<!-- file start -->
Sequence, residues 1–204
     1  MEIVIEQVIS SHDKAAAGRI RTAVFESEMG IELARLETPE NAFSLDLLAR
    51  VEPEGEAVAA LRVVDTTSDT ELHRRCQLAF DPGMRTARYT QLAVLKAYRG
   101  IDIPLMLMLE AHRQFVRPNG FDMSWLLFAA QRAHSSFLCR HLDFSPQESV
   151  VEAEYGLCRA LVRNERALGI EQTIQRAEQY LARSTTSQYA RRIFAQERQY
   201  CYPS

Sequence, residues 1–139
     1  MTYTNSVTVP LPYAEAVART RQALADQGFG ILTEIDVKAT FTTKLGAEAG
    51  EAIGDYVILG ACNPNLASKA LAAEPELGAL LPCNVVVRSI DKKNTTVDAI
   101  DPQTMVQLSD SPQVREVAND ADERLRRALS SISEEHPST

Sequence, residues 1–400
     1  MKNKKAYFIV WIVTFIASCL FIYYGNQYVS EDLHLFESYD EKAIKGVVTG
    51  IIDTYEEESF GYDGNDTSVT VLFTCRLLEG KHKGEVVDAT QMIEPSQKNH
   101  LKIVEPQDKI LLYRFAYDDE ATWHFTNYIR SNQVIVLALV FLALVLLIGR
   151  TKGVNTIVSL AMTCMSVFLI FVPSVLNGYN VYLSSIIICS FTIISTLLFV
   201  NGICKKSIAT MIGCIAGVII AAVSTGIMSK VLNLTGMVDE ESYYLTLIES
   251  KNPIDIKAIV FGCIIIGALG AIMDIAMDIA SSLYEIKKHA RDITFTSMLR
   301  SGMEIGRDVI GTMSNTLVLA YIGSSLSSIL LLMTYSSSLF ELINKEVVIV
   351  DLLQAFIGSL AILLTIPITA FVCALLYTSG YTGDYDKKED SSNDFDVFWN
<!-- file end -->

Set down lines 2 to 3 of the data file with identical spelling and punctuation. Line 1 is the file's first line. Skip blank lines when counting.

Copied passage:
     1  MEIVIEQVIS SHDKAAAGRI RTAVFESEMG IELARLETPE NAFSLDLLAR
    51  VEPEGEAVAA LRVVDTTSDT ELHRRCQLAF DPGMRTARYT QLAVLKAYRG